Palm Tree Index

I remember once, as the Merpati flight was winging its way into Dili, a UN staffer told me how excited he was to be back in Dili. Port-au-Prince was god-awful, even though it had a tropical clime, it was too dangerous, too complicated. Kabul was a boring dustbowl, while the per diem was high, there was nothing to do. He smiled as he told me he was happy to be back in Timor for a short stint. There he could scuba dive, things were calm (relative to Port-au-Prince), and Bali was close by.

I recently tweeted about the “elite of poverty development” (a nod to the painfully “real” NGO Inepd). Somebody asked me to clarify what I meant.

Here goes. International altruists tend to congregate, and stay longer, in places that are nice to live. I met more than one person in my last trip to Dili had more than a passing interest in moving to Maputo – a city with a similar “Palm Tree Index” to Dili.

Is there really anything so strange about this? People want to eat camembert, go scubadiving, AND save the world. Being honest, at age 24, I probably would have stayed longer in Dili if instead of scuba, there were bookstores, art-house cinemas and a better live music scene. And of course, I left before IKEA started delivering to Dili.

And, not to be overly cynical here, but Timor’s seesaw of conflict only adds to the attraction. The moment people get too accomodated and bored with the scuba diving and claustrophobic nightlife, a conflict erupts, and they get an adrenaline rush and big boost in their per diem. And of course they get to join the Facebook group “I Got Stoned in Dili“.

I scoured the internet for some old OCHA (?) NGO coordination maps from the UNTAET-UNOTIL periods. Unfortunately I couldn’t find what I was looking for. But I distinctly remember seeing that the number of international NGO projects in Lospalos was much higher than say, a mountain district like Manufahi. Lospalos has some of the most beautiful beaches in Timor, namely Kom and Tutuala.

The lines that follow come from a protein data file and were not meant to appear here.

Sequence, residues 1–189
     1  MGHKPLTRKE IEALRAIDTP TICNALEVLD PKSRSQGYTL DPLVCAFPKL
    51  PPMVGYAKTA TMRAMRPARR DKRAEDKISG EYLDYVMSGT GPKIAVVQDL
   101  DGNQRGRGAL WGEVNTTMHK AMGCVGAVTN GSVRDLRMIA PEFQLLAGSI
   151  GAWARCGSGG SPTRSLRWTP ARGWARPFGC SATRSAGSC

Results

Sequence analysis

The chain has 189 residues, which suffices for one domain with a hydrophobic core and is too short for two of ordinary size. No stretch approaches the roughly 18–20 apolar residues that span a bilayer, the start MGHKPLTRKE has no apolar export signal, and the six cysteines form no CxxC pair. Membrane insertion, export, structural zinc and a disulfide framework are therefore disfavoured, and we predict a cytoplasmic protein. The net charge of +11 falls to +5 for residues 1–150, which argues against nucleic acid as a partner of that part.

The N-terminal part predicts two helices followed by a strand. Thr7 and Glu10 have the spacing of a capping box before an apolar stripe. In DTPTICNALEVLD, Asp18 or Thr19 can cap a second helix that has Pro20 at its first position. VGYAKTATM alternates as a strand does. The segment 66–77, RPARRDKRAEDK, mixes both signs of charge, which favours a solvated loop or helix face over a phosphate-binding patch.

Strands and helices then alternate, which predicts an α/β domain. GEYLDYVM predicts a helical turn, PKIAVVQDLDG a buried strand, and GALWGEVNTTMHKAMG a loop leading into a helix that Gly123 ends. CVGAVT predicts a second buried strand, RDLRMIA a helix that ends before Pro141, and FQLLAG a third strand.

Some highly populated central mountain areas hardly had any “coverage” at all, as compared to numbers of projects dotting less-populated areas of Lospalos, district with the highest Palm Tree Index. (For the record Lospalos is not any poorer than other parts of the country, nor was it disprortionately wrecked in 1999.)

There are other local factors that define where the BINGOs put their money and people. If I were to do statistical analysis, I would figure in social factors including something to capture the “entrepreneurial spirit” of local people, and their friendliness to outsiders. Any oral history of Lospalos, our palm-treed, INGO-favorite district, would show that people have been constantly invaded there for the past 150 years (at least) by outsiders, so they have probably learned to make the best of this. (So, friends from Lospalos, take this as a compliment!)

I also believe that the Palm Tree Index affects the way donor countries treat recipient governments – or “relations between development partners” – but I will leave that for another tirade.

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